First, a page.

The Wuhan Coronavirus has so far killed more than 100 people and infected thousands. It has reached more than 17 countries. 

CEO Kevin Johnson promised transparency into the company's response to the "extraordinary circumstances," in a statement Tuesday.

"We remain optimistic and committed to the long-term opportunity in China," he added.

Keep reading.

5:11 p.m. ET, January 28, 2020

Three patients in DC tested for novel coronavirus

From CNN's Rebekah Riess

Three patients in Washington, DC were tested for novel coronavirus, of which one tested negative and two are pending results from the Centers for Disease Control and Prevention, according to DC Health.

DC Health said there are currently no cases of the virus in DC and the current risk to DC residents is low.

About the virus: The novel coronavirus, which has sickened thousands and killed more than 100 people in China, belongs to a large family of viruses that mostly sicken animals. But this coronavirus, like SARS and MERS, "jumped the species barrier" to infect people on a large scale, the Centers for Disease Control and Prevention said.

4:59 p.m. ET, January 28, 2020

A plane carrying US diplomats has left Wuhan, official says

From CNN's Jennifer Hansler

A plane carrying US diplomats and their families has departed Wuhan, China, according to a State Department spokesperson.

More on this: A California-bound flight chartered by the US State Department was expected to leave the city at the epicenter of the coronavirus outbreak in China, a department official said.

About 240 Americans could be on the flight from Wuhan Tianhe International Airport. It will stop to refuel in Anchorage, Alaska, before arriving early Wednesday in Ontario, California, about 35 miles east of downtown Los Angeles, according to Alaska Department of Health and Social Services spokesman Clinton Bennett.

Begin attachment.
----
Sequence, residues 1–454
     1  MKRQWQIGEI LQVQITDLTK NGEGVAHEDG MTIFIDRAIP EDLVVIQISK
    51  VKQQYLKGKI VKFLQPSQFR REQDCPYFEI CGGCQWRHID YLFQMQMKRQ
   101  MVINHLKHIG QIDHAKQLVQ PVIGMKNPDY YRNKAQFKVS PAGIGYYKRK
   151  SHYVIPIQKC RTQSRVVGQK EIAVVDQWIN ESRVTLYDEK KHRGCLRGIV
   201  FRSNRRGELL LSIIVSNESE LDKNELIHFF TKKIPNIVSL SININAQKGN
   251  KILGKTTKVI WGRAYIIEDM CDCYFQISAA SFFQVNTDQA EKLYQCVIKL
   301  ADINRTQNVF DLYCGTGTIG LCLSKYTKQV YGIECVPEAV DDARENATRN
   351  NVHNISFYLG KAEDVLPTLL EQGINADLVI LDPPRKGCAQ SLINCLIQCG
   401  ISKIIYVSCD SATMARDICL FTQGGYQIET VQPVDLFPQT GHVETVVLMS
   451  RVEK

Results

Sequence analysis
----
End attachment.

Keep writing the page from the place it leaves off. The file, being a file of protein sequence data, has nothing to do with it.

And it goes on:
About three dozen US diplomats and their families were expected to be on board, a US official with knowledge of the matter told CNN.

4:36 p.m. ET, January 28, 2020

His wife and daughters are stuck in Wuhan, China. He’s in Wisconsin trying to bring them home.

From CNN's Paul P. Murphy

Courtesy of the Roth family
Courtesy of the Roth family

Sam Roth’s wife and two small children went to Wuhan, China to visit family. Now they are stuck, hoping to be evacuated by the US State Department.

Daisy Roth, 10-month old Adalynn and five-year-old Abigail boarded a flight to Wuhan, China on January 19. They were headed to visit Daisy’s family for the Lunar New Year and spring festival; Abigail would even attend kindergarten there because they would be there until April 8.

Sam said he and Daisy knew about the coronavirus, but the risks looked completely different then.

Just days after landing, Roth said the lockdown began; Abigail was at a sleepover with a cousin.

“Her cousin’s father drove her to my in-laws place where my wife and other daughter were,” he told CNN. “They have stayed there since.”

On Saturday, he heard about a potential flight organized by the US State Department that would evacuate Americans stuck in epicenter of the coronavirus. Roth also sent his congressional delegations emails asking for them for help getting his family on the flight.

Unfortunately, his family was not picked to be on board the flight. Roth is hopeful though; he will bring them home.

“Right now, it is a matter of when, not if,” Roth said. "If we can get them out of there on an evacuation flight, we will.”

2:25 p.m. ET, January 28, 2020

Taiwan confirms another case of coronavirus, bringing the total to 8

People wear masks at a metro station in Taipei on January 28.
People wear masks at a metro station in Taipei on January 28. Chiang Ying-ying/AP

Taiwan Centers for Disease Control (CECC) has confirmed another case of coronavirus in Taiwan, CECC announced in a statement today.

The total number of confirmed cases in Taiwan is now eight, CECC says.

Here's the CECC statement:

“The Central Epidemic Command Center (CECC) announced the eighth cases of 2019 Novel Coronavirus infection (2019-nCoV) in Taiwan. The case is a Taiwanese male in his 50s who resides in middle part of Taiwan, is a family member of and lives together with confirmed imported case #5. The eighth case developed cough and was hospitalized on January 26. On January 28, infection with the novel virus was confirmed in the case after testing. The case was determined as household transmission. The case is currently in a stable condition."